Diagnosis of the cause of massive edema of the lower limbs in patients after spinal cord injury (SCI) can be difficult because of loss of pain sensation, commonly occurring in this group of patients. This paper reviews several different pathologies that can lead to lower-limb edema and the associated diagnostic difficulties. We present four cases of patients with massive edemas of lower limbs at different times after SCI undergoing treatment in the Department of Rehabilitation, University Hospital in Bydgoszcz, Poland. All patients had a lack of pain sensation in the lower limbs and significantly elevated levels of D-dimer. In two cases, deep vein thrombosis (DVT) and intramuscular hematomas (IHs) were diagnosed. IHs were probably a consequence of antithrombotic treatments implemented due to the occurrence of DVT. Heterotopic ossification (HO) was diagnosed in a third case, and, in another patient, who was hospitalized for the longest period after injury, we found humeral bone fractures. Heterotopic ossification, intramuscular haematomas, and bone fractures of the lower limb can mimic DVT. Careful observation of the edema evolution is recommended, as the onset of new symptoms may indicate a different cause of edema from that initially established. Full article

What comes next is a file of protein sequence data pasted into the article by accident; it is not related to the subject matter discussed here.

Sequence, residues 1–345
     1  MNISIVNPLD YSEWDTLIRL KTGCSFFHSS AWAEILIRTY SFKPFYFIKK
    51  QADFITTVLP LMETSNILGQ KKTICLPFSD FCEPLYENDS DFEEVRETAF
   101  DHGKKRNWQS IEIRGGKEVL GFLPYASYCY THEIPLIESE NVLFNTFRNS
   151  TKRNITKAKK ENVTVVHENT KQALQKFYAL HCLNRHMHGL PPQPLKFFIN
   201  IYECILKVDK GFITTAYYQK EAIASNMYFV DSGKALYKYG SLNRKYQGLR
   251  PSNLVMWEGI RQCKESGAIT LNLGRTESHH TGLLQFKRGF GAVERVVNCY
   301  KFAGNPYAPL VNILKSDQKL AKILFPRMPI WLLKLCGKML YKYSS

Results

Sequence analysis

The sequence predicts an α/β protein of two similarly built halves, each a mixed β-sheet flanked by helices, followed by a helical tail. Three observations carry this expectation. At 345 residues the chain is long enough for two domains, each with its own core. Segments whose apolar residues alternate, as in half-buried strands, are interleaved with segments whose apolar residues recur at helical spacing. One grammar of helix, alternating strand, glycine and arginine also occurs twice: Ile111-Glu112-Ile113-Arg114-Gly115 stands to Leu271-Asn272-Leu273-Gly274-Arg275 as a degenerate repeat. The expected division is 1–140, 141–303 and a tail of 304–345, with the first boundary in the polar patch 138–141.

(This article belongs to the Special Issue Neurotrauma and Health)